Knowing When to Get Help With Organizational Conflict

It’s easy to recognize the need for help with conflict when people are arguing a lot, and those arguments are escalating. It’s harder to recognize when conflict is not visibly escalating. Then you need to recognize destructive conflict by its indirect consequences such as low productivity, falling morale, high turnover, escalating grievances, missed deadlines, and poor work quality. In these cases, three warning signs can alert you to the need for intervention: Decisions Don’t Stick, Silos and Empires, and Unproductive Meetings.

Decisions Don’t Stick

Do you find that you constantly revisit the same decision, a decision that’s been made is undermined, or the decision-making process is characterized by infighting and backstabbing? These patterns result when the processes in place do not adequately allow for differences of opinion – conflict – to be worked through.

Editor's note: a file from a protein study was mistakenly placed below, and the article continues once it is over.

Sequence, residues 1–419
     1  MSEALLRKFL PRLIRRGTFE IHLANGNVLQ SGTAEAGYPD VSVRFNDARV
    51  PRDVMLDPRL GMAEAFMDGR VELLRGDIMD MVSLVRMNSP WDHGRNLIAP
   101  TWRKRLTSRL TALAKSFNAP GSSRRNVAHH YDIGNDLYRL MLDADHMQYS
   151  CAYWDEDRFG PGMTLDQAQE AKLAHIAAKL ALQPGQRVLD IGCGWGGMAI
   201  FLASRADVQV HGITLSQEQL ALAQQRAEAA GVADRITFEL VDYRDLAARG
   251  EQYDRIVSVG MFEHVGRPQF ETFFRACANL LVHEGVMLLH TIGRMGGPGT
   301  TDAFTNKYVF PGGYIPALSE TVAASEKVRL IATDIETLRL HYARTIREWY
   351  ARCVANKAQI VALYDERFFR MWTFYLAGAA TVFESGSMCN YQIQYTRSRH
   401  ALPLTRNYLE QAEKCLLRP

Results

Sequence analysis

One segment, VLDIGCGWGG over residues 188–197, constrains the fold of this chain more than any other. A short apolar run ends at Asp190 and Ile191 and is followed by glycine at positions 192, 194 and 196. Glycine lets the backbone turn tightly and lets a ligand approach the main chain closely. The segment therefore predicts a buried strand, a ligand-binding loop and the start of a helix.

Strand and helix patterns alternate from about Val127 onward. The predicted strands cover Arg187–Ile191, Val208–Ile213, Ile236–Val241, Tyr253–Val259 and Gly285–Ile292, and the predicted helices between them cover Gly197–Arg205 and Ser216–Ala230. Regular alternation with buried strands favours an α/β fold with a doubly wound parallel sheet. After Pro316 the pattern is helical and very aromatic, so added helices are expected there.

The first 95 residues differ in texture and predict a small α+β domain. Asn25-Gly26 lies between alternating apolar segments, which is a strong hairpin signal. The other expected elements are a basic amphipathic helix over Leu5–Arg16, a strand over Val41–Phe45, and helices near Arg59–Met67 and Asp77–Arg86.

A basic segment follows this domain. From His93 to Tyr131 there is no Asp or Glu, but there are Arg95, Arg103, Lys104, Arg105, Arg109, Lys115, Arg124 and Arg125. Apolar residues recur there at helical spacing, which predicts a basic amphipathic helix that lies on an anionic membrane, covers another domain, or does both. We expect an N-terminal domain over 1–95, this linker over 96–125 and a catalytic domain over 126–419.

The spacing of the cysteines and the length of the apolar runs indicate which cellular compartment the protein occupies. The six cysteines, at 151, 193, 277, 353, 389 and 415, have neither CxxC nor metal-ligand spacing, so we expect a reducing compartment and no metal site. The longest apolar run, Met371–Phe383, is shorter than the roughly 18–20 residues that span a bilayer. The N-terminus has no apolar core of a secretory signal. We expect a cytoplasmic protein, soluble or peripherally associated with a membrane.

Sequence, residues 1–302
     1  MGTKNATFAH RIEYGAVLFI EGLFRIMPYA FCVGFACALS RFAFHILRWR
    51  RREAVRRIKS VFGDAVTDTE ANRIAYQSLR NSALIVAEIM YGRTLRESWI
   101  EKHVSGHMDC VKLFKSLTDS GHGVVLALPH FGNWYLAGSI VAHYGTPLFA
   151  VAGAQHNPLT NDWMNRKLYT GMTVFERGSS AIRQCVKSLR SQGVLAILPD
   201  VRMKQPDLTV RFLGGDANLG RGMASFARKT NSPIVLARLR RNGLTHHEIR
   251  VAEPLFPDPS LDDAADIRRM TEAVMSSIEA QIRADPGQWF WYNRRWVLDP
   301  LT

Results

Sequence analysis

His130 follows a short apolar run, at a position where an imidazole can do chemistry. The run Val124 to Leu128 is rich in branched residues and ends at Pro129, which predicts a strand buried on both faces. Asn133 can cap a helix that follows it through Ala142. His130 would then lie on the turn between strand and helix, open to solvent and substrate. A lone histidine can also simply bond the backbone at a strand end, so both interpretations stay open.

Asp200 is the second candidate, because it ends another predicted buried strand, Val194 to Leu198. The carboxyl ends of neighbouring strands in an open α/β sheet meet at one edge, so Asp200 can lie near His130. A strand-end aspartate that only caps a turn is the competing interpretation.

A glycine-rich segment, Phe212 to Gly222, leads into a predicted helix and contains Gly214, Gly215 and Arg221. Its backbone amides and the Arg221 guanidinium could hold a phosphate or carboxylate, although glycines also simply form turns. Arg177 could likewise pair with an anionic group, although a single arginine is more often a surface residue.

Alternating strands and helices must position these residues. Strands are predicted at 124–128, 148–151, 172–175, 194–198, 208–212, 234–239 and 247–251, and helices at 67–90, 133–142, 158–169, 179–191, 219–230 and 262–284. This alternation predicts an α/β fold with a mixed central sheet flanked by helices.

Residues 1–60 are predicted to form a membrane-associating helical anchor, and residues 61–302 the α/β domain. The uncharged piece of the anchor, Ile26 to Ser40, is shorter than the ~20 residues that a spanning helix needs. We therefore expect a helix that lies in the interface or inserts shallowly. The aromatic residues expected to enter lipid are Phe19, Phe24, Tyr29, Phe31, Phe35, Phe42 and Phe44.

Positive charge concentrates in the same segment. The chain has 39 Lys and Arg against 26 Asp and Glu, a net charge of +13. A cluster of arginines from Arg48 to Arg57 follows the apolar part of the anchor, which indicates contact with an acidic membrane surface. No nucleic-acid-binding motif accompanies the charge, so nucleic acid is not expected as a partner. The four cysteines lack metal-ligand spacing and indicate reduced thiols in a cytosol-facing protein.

Silos and Empires

Is communication or coordination between your organization’s departments scarce?  Do people engage in building empires, or do groups “close ranks” and uniformly resist new initiatives?  Unhealthy competition between parts of an organization often indicates long-term, chronic conflict patterns. Sometimes, conflict is even institutionalized, with deeply ingrained stereotypes about “rival” units, paperwork designed to control the demands that “those guys” can place on us, and highly controlled lines of communication.

Unproductive Meetings

Are your meetings boring or a waste of time? Paradoxically, one sign that the problem is with conflict is when no one ever expresses disagreement. This is often a sign that people fear conflict, or expect conflict will be unproductive. Perhaps some fear retribution, either from above or from peers, and that fear might be justified or not.

Moving Forward

Any of these signs can suggest a need for help with conflict, help that can focus on skill-building, resolving specific conflicts, developing robust decision-making practices, and building collaborative teams. When members of an organization truly feel they’re on the same team, working toward a common set of goals, there’s much less need to accrue power or engage in struggle. Energy gets focused on the work, where it belongs.